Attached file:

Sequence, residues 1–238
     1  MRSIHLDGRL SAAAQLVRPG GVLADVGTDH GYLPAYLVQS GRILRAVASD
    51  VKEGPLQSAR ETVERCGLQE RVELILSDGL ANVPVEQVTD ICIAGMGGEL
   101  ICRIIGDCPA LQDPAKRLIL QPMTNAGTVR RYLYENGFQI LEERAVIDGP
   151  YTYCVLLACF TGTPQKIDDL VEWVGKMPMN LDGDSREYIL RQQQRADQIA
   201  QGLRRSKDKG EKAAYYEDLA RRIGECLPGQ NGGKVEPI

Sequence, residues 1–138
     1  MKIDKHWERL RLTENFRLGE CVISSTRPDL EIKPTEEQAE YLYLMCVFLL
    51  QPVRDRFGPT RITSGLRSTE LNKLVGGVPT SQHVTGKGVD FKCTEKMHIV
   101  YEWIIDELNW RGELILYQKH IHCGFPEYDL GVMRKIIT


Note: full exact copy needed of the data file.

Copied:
Sequence, residues 1–238
     1  MRSIHLDGRL SAAAQLVRPG GVLADVGTDH GYLPAYLVQS GRILRAVASD
    51  VKEGPLQSAR ETVERCGLQE RVELILSDGL ANVPVEQVTD ICIAGMGGEL
   101  ICRIIGDCPA LQDPAKRLIL QPMTNAGTVR RYLYENGFQI LEERAVIDGP
   151  YTYCVLLACF TGTPQKIDDL VEWVGKMPMN LDGDSREYIL RQQQRADQIA
   201  QGLRRSKDKG EKAAYYEDLA RRIGECLPGQ NGGKVEPI

Sequence, residues 1–138
     1  MKIDKHWERL RLTENFRLGE CVISSTRPDL EIKPTEEQAE YLYLMCVFLL
    51  QPVRDRFGPT RITSGLRSTE LNKLVGGVPT SQHVTGKGVD FKCTEKMHIV
   101  YEWIIDELNW RGELILYQKH IHCGFPEYDL GVMRKIIT